Tewolde Gebremariam, chief executive officer, Ethiopian Airlines
Despite being stateowned, Africa’s largest airline by revenue and profit has long been free from government meddling. This is one reason why Tewolde Gebremariam, Ethiopian Airlines’ CEO since 2011, has survived the country’s recent political revolution. New prime minister Abiy Ahmed has purged senior staff from other state-owned enterprises, but Tewolde’s team and vision remain intact. Another reason is that under his stewardship the company has made extraordinary progress. Its net profit in the 2017/18 financial year rose to $233m, from $229m the previous year, while its operating revenue rose by 43% to $3.7bn – figures unmatched by any other carrier on the continent. Vision 2025, a 15-year strategy drawn up in 2010, has been so successful that Tewolde is already working on a scaled-up successor for 2030. The fleet is only 20 planes away from its target of 120 by 2025, which would make it the continent’s largest. “It is a remarkable success,” Tewolde told The Africa Report in his office next to Bole International Airport, which is fast becoming one of the continent’s busiest hubs. “Some of the targets we set in 2010 to be achieved by 2025 we achieved by 2016.” Tewolde, who joined the airline in 1985, attributes its success to long-term planning. For instance, in 2008 the company put in an early order for a fleet of Boeing 787 Dreamliners; in 2012 it became the first airline in the world outside Japan to fly them. “To succeed in the aviation business […] you need to plan for a longtime horizon,” he says. Today, the company is busy exporting its model across Africa, buying stakes in existing airlines in Djibouti, the Democratic Republic of Congo, Eritrea and Equatorial Guinea, as well as setting up new ones in Chad, Ghana, Guinea, Mozambique, Nigeria and Zambia. He brushes off criticisms that such rapid expansion risks a crash landing. “We are very conscious about that,” he says. “We don’t want to do it too fast and too far.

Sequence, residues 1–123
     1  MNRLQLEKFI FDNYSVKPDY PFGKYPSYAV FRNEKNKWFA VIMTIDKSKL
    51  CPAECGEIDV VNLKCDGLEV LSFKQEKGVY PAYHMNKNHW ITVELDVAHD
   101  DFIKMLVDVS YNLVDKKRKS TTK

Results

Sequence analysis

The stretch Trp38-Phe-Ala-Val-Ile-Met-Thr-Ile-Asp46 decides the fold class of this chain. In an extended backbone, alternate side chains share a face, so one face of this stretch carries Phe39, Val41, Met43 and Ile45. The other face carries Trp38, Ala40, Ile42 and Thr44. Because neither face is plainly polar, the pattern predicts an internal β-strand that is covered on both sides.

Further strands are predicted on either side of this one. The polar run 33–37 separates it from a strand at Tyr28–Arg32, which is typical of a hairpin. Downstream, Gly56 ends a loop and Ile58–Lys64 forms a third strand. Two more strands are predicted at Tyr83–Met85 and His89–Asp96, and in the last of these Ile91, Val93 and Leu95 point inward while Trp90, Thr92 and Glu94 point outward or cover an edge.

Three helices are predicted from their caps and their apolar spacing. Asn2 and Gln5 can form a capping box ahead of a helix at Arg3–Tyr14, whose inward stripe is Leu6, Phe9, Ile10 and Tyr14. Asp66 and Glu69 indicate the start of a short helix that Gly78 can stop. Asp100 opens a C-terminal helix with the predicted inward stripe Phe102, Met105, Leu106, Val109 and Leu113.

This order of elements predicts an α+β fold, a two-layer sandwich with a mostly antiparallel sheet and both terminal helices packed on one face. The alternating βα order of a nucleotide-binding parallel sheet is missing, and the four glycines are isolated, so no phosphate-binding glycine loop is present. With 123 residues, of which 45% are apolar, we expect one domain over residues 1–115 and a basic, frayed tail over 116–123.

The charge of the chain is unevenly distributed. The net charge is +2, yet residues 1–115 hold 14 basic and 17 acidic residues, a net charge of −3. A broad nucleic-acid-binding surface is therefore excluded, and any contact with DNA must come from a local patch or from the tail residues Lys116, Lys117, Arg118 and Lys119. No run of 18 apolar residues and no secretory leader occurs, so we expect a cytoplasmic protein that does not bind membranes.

The airline boss talks to The Africa Report about Ethiopian’s new stakes in African transport companies across the continent and the challenges of planning for the long term